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What is suppression in psychoanalysis?

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There are several defensive mechanisms proposed by psychoanalysis, highlighting, above all, projection, repression and denial.

These three mechanisms are considered psychological processes that, far from being beneficial to our health mental disorder, can lead to emotional distress and psychopathology, which emerges in the form of behaviors and dysfunctional.

However, there is a mechanism that is not considered so detrimental to our mental health and that, in fact, brings us some well-being: suppression. Let's see what suppression is in psychoanalysis, and what benefits it entails.

  • Related article: "Sigmund Freud: life and work of the famous psychoanalyst"

What is suppression in psychoanalysis?

Within psychoanalysis, suppression is understood as defense mechanism that the individual uses when trying to keep a memory, emotion or thought out of consciousness causing you anxiety. The person, seeing that he is not able to passively forget the information that is causing him discomfort, consciously and voluntarily try to keep hidden in the depths of your mind that I remember.

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The act of suppressing involves keeping unwanted thoughts out of our field of consciousness, and It is a process closely related to repression, dissociation and denial, in addition to the mundane act of I forget. In fact, When Sigmund Freud proposed this concept of suppression in 1892, he did so by looking towards his idea of ​​repression, only that it is done consciously.. We try to remove what may involve some conflict in our psyche if we constantly remember it.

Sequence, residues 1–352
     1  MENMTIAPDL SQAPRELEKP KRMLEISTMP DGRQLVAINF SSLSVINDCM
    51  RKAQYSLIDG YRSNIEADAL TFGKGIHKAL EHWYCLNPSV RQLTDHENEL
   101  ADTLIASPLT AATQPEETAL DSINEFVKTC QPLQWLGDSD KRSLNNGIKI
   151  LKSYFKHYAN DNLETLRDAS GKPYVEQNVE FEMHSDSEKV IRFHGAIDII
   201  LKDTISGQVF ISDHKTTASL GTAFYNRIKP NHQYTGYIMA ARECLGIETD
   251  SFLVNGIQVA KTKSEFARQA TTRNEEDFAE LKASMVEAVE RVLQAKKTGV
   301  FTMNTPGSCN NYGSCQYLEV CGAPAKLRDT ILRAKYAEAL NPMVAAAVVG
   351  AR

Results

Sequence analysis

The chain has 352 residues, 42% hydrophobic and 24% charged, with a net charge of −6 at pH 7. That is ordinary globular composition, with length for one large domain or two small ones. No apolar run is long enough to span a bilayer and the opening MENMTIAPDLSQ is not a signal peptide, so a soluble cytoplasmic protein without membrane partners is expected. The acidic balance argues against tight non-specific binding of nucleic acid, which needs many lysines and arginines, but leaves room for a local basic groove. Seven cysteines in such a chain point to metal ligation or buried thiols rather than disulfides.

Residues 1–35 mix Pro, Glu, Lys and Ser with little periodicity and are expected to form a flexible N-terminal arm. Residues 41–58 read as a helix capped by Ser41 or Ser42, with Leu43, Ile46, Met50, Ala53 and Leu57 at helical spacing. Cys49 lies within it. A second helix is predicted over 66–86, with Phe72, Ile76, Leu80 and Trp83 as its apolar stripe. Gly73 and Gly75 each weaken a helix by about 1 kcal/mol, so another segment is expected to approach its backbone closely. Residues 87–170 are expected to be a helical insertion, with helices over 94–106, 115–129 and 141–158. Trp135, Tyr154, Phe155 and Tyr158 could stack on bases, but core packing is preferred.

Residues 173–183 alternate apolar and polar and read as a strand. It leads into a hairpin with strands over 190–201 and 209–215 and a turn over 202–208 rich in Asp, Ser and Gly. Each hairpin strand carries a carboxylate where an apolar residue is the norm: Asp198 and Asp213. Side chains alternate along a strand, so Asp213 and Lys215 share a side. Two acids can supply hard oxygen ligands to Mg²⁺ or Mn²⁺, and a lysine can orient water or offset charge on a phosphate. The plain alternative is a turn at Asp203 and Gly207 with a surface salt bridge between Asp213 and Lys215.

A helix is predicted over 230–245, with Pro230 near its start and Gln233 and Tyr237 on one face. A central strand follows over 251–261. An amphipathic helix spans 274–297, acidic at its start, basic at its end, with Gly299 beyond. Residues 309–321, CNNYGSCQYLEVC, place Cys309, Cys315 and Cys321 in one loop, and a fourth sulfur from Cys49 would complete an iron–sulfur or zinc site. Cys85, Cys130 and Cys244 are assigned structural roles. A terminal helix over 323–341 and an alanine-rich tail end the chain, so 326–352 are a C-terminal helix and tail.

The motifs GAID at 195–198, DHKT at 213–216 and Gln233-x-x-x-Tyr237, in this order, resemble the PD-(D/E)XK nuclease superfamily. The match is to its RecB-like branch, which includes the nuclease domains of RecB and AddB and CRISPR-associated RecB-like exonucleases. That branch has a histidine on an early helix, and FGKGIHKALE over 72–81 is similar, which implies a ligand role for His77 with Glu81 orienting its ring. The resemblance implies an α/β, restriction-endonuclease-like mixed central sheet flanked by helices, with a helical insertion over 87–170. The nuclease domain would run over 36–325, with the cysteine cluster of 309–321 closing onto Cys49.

An example of suppression in daily life we ​​would have when we have broken up with our partner. The event is not pleasant and remembering what feelings you had at the time of the breakup, what was said, how it was taken each one the act of breaking among other related aspects, it is something that can burn us if we are again and again thinking about it. We try to leave it parked, while we do other things that give us well-being.

We would have another case with the death of a loved one. It is obvious that you will go through a period of mourning, something totally normal after the loss of a loved one, be it due to death or a simple breakdown of the relationship. However, remembering how the person died, especially if it was due to illness, is something that is not good for our minds. So we try to keep our minds busy doing other things, or thinking about the good things that we still have, such as great friends and family.